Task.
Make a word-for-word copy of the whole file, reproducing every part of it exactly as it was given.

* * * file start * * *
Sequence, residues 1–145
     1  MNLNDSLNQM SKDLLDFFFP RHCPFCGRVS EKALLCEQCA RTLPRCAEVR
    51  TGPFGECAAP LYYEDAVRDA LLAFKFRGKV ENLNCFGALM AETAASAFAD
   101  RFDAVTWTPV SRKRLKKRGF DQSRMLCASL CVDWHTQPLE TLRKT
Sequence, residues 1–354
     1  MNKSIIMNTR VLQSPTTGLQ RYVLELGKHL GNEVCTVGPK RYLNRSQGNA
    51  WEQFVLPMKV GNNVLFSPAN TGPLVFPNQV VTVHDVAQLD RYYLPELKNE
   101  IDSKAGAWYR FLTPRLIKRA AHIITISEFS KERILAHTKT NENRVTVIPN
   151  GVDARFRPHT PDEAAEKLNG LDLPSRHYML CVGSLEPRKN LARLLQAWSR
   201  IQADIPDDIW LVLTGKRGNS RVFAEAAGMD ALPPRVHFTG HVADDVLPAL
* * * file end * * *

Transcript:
Sequence, residues 1–145
     1  MNLNDSLNQM SKDLLDFFFP RHCPFCGRVS EKALLCEQCA RTLPRCAEVR
    51  TGPFGECAAP LYYEDAVRDA LLAFKFRGKV ENLNCFGALM AETAASAFAD
   101  RFDAVTWTPV SRKRLKKRGF DQSRMLCASL CVDWHTQPLE TLRKT
Sequence, residues 1–354
     1  MNKSIIMNTR VLQSPTTGLQ RYVLELGKHL GNEVCTVGPK RYLNRSQGNA
    51  WEQFVLPMKV GNNVLFSPAN TGPLVFPNQV VTVHDVAQLD RYYLPELKNE
   101  IDSKAGAWYR FLTPRLIKRA AHIITISEFS KERILAHTKT NENRVTVIPN
   151  GVDARFRPHT PDEAAEKLNG LDLPSRHYML CVGSLEPRKN LARLLQAWSR
   201  IQADIPDDIW LVLTGKRGNS RVFAEAAGMD ALPPRVHFTG HVADDVLPAL